Gardai face 'brain drain' over cuts of €500-a-month

Michael Lavery

Gardai are facing a "brain drain" if the Government pushes through wage cuts of up to €500 a month.

Many are now considering joining foreign police forces – with reductions to salaries and allowances looming.

Since the recession started in 2008, anecdotal reports suggest dozens of gardai have left the force for police forces in New York , West Australia and New South Wales – among others.

Now, many more are pondering their future in the gardai, amid reports they face pay cuts of €80 a week and allowances from July, with a further €50 cut planned from January 1 next, while an extra reduction of another €50 from January 2015 is also in the pipeline.


"Many gardai are already considering their options, with more pay cuts coming," one Garda Representative Association (GRA) source said.

The GRA represents "rank and file" gardai and has withdrawn from talks with the Government, saying they will not take part in any process that proposes wage cuts.

"People have committed to a mortgage based on a guaranteed pay and now find that's being cut," the source said.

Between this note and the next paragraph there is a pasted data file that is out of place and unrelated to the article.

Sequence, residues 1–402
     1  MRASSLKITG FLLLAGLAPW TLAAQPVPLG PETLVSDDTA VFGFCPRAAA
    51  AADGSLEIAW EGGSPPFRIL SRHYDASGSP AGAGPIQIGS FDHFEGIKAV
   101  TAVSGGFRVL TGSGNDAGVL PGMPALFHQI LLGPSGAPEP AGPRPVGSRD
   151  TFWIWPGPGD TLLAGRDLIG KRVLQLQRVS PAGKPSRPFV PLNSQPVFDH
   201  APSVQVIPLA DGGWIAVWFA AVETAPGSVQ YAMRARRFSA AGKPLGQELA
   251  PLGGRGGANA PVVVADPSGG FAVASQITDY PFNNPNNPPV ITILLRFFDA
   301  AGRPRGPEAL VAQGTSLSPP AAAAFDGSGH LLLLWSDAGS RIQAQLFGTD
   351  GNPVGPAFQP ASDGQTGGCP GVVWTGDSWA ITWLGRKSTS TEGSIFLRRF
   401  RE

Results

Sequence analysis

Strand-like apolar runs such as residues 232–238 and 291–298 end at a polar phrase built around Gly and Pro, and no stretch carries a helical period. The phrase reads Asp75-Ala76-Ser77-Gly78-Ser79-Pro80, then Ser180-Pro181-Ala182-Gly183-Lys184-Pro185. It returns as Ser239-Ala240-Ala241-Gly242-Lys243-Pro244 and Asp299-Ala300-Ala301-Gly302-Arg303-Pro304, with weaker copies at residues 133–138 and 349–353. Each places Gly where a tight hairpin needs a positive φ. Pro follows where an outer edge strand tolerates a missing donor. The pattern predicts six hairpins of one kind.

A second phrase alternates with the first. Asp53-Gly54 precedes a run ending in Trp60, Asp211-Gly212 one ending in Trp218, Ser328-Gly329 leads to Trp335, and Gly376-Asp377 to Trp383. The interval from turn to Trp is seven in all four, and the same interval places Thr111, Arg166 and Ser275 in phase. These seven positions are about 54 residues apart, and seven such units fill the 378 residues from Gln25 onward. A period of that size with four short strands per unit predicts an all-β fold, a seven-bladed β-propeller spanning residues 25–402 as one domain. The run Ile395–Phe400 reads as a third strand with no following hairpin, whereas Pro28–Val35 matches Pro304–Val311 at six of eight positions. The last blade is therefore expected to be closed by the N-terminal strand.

"The Police Service of Northern Ireland and the West Australian police are always advertising for members.

"We operate under the same kind of legislation and have a very similar style of policing.

"We also have gardai who have joined the New York Police Department and they still keep in touch with us.

"I think a lot of people were considering their future anyway. People are angry and frustrated and they also see their workload increasing. We agreed a new rostering system based on European working time – gardai were already working a 40-hour week – and now we're being asked to work extra.


"There is a feeling we are being targeted and there are very strong views out there."

In the past few years, former gardai have joined the NYPD and other American police forces. Others have joined police forces in Australia, including West Australia, New South Wales, Victoria and Queensland.

Some years ago, the then Western Australian Police Commissioner led a delegation to Dublin to seek Irish recruits.

One former garda, Peter Crosbie, who is now based in Perth, Western Australia, with the WA Police, has told how he met "at least 20" ex-gardai working in Perth.

They included senior sergeants from Clondalkin, Crumlin and Tallaght and he said they are "all doing well for themselves".